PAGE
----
From Tamura’s “Noise Chopin” at the top, the trumpets usually play parallel, but distinctive roles. Broken-octave smears characterize both, but as pieces develop braying cries forced through the mouthpiece characterize one trumpeter, while the other often outputs pinched triplets. Eventually the rubato pacing of one turns legato, around the same time as Fujii moves from internal string stops and strums to vibrating arpeggios and finally full-fledged, multiphonic cadenzas. Orins’ single clanks and rim-shot clangs are limited to syncopated underscoring, as the two horns alternately soar to narrowed grace notes or descend to plunger tones.
The drummer’s own “Marie-T”, which runs on almost without a pause from the pianist’s “The Thaw”, asks more of the brass men, as their tongue suction and inner buzzing provide a needed contrast to Fujii’s music-box-like patterning. As the tune further relaxes, her feints, jumps and slippery licks give way to gentle swing, with the drummer’s subsequent reverberations presaging choruses of warbling and chirping from the trumpets, and complete the circle as stacked, chromatic brassiness is contrasted with processional chords from the piano.
Eventually this double duo outpouring – or is it a meeting between a piano-drums duo and a brass section? – reaches a climax with “Polly”, another of the drummer’s compositions. Initially inchoate and divided among thinning and twisted grace notes, valve-pressurized rubato slurs, squeezed peeps from a child’s toy plus bell-ringing, it later harden into a dramatic exposition. As the drummer rocks, rumbles and rebounds and Fujii advances a tremolo rhythm, the staccato trumpet lines explode northwards, with fortissimo rodent chirps and equine whinnies. March-like kinetic chords from the pianist anchor the theme.
Recorded in Tours in more utilitarian surroundings than Rafale’s formal concert in Krakow, but with an appreciative audience on hand, Cappozzo’s and Perraud’s multi-part excursion is stripped to its essentials. With the brass man able to play different trumpets and bugle – sometimes simultaneously – and the drummer’s use of extended percussion, the two expose as many sound surfaces as are heard on the other CD.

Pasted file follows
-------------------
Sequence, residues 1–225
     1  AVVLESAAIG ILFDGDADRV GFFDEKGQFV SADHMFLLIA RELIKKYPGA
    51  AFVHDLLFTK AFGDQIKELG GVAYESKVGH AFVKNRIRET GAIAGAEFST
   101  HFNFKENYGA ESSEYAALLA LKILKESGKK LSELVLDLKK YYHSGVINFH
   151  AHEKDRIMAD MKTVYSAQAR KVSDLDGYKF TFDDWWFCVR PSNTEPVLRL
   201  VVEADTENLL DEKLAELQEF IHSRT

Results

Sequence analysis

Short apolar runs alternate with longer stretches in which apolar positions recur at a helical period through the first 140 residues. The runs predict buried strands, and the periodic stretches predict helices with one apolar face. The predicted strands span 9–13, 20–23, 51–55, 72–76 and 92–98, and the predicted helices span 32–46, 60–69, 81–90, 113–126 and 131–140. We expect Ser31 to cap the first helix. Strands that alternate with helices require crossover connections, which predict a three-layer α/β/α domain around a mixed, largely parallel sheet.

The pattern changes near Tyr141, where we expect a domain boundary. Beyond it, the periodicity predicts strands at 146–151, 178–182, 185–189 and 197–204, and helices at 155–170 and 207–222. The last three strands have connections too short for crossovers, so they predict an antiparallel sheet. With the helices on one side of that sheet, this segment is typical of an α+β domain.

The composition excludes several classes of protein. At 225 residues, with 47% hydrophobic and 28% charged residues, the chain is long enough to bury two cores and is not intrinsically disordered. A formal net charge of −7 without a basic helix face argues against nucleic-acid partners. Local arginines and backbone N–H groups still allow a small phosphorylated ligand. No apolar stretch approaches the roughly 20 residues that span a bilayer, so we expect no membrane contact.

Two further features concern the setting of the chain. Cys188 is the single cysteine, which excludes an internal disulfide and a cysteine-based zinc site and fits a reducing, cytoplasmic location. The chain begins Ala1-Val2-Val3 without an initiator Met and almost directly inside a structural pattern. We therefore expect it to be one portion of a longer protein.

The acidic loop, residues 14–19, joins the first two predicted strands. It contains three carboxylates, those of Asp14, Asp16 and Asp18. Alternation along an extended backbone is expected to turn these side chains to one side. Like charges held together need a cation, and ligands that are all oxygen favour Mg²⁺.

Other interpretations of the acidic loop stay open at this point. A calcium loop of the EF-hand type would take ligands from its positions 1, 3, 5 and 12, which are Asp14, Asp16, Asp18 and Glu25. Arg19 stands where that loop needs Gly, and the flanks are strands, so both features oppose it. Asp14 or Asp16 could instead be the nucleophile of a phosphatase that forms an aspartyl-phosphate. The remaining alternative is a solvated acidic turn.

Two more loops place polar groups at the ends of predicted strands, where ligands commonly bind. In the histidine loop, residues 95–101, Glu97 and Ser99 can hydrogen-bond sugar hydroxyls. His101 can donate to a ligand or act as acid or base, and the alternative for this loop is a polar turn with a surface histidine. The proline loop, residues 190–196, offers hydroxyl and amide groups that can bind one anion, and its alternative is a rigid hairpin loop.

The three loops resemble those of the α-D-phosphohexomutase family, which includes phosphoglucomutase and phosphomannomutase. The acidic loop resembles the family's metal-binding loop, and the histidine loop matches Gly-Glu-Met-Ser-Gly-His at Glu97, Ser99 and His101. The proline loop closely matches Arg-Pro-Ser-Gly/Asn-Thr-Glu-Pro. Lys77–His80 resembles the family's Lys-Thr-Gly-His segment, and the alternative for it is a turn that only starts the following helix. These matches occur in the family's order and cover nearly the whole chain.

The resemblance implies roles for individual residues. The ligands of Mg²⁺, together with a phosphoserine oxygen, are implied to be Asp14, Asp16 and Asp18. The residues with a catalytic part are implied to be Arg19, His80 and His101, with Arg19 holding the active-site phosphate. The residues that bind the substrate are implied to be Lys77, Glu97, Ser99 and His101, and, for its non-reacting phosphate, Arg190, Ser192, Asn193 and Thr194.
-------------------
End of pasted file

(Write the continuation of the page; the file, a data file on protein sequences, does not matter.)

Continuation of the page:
With at least four pauses for applause and regrouping, the single track is unitarily linear, but features the percussionist more often twisting side bolts or scouring drum tops with harsh implements than playing metered beats. Plus low-frequency tremolo buzzes and bugle brays from the trumpeter take the place of mellow grace notes or linear lyricism. Although the improvisation’s final section returns the duet to more linear territory before the conclusion with a “Taps” variant from Cappozzo’s bugle and cymbal resonations, most of the sounds preceding this are spikier and grittier. For example the sequence directly before the finale encompasses Perraud bounding through his percussion extensions with triangle snaps, bass drum thuds, and detached cymbals vibrating on the ground. Meantime Cappozzo moves from rubato vibrations to crisp single notes, references Latin and Klezmer timbres and ends by sounding both bugle and trumpet simultaneously.
Throughout the duo improvisation hand pops, drags and clanks, drum skin rubs and jagged pulls along cymbal tops vie for aural prominence beside purrs and guffaws tongued through the trumpet’s iron pipe without depressing the valves; smacks on the wooden parts of the drum kit contrast with peeps and wah-wahs from the brass man; plus gourd-like timbres stroked from other percussion equipment face cataclysmic fortissimo brass tones. Eventually though, trumpet yelps and drum squeaks finally congeal into staccato counterpoint.
Each of these CDs proves that brass and percussion on their own are perfectly capable of painting an improvisational picture. Kaze may be a bit of cheat by doubling the brass output and adding a chordal instrument, while Suspension is pared to the bone. Still both offer memorable if adventurous listening. Ken Waxman (JazzWord)